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thyssenkrupp Technical Training Academy opens doors to education and innovation

thyssenkrupp Industrial Solutions South Africa proudly hosted the official opening of its Technical Training Academy situated at their Service Centre in Chloorkop.

“Our aim is to offer first class technical training programmes to raise the technical proficiencies and standards of our industry and to set further benchmarks for excellence on the African continent,” states Philipp Nellessen, CEO at thyssenkrupp Industrial Solutions Sub Sahara Africa. “We want to develop exceptional skills in Africa for Africa!”

“Our decision to build a Technical Training Academy was motivated by our goal to develop exceptional candidates for our workshop and site team environments combined with the tremendous skills shortage faced by the country,” comments Ruben Lamprecht, General Manager of thyssenkrupp Service Centre. “This was a key driving force behind the construction of the approximately 1 300 sqm training facility which will enable us to train and upskill young people for our industry on our equipment in line with our standards to the ultimate benefit of our customers”.

thyssenkrupp’s close on R20 million investment includes a 831 sqm workshop which houses state-of-the-art equipment such as lathes, milling machines, hydraulic, pneumatic and electrical simulators as well as all practical models required for the technical training. The 483 sqm first floor is equipped with high-end tools to conduct, simulate and annotate certain principles and circuitry within the classroom environment.

Customised programmes developed in-house in accordance with thyssenkrupp standards will be presented using a blend of e-learning, class room training as well as practical applications. Lamprecht explains that in addition to the four programmes which encompass a basic and advanced level as well as trade tests, there is also a community development initiative.

The company says the Technical Training Customer Focused Programme is uniquely designed to equip apprentices with the necessary foundation-building knowledge to kick-off their careers in the industry. Artisans undergo equipment training on all products (with e-learning programmes available on some equipment), on-job training (coaching sessions, assessments via on-job task observations, practical exposure and walk-about equipment, coaching on purpose and placement of components, functionality of equipment and housekeeping), and needs/gap and critical task analysis. Lamprecht  adds that artisan refresher training is also offered.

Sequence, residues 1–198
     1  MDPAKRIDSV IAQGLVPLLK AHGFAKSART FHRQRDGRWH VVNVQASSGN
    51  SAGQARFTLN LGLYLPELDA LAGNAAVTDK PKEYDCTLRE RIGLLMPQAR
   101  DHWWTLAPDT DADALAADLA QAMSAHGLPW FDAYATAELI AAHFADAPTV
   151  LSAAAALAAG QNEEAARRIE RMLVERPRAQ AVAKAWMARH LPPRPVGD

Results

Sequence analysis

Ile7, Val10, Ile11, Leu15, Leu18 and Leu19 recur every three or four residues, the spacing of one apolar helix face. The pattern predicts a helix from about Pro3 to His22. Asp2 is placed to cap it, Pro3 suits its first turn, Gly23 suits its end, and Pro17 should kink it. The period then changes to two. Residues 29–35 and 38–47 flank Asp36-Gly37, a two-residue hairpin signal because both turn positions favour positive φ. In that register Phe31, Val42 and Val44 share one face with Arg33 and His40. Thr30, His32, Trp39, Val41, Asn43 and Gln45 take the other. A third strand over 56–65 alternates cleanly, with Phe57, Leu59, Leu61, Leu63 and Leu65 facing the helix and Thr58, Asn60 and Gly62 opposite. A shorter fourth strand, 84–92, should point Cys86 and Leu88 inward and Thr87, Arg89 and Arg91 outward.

The CATS (Commercial Advancement Training Scheme)  Students Programme, conducted in conjunction with the German Chamber, is a 2 year programme aimed at training young students. Based on the German dual schooling system of one day in the class room and four days in the workplace, the programme provides students with practical and theoretical experience.

thyssenkrupp says the Applied Professional Learning programme is specially designed for the learner engineer intern and professional-in-training. This industry-specific programme includes planning and scheduling, project and site management as well as quality control and assurance.

The Aprpentice Programmes are run over a three year period which concludes with final assessments and offers multiskilling trades such as fitters and machinists. According to Lamprecht, thyssenkrupp is planning on further investing in the development of the electrical trade specifically for millwrights which is scheduled to roll out in 2020. These Apprenticeship Programmes reach beyond the workplace to include community development through basic manual skills and entrepreneurial and owner management.

“Taking it a step further, we are also aiming to start a programme for previously disadvantaged adults to provide them with the necessary building blocks that will enable them to sustain themselves financially,” continues Lamprecht. “The idea is to provide them with basic skills and then to set them up with the necessary materials, tools and equipment to be able to operate small businesses under the guidance of thyssenkrupp personnel.”

Upon leaving thyssenkrupp’s Technical Training Academy, successful participants will be armed with vital work experience and knowledge so that they will be able to make an economic difference through the quality of training they received. By developing employees internally to feed the company’s development pipeline, thyssenkrupp is also looking beyond the here and now. Due to thyssenkrupp’s diverse product range, it is imperative that the company invests time and energy in training and nurturing apprentices to fulfil their roles within the workshop and field service environments.  This includes ongoing training on new and existing equipment and processes within the thyssenkrupp field of expertise.

Also on the cards is a plan for investment in an industrial school which will see the delivery of training programmes to support thyssenkrupp customers as well as industry with supervisory development programmes.

“Our fully-trained thyssenkrupp employees are equipped to in turn offer training to our customers on their operating and maintenance principles that will assist in optimising their equipment for improved performance, uptime and productivity. We are confident that our Technical Training Academy will make a significant contribution to the growth of our employees, our customers, the industry, the community as well as of our country’s economy,” concludes Lamprecht.

 

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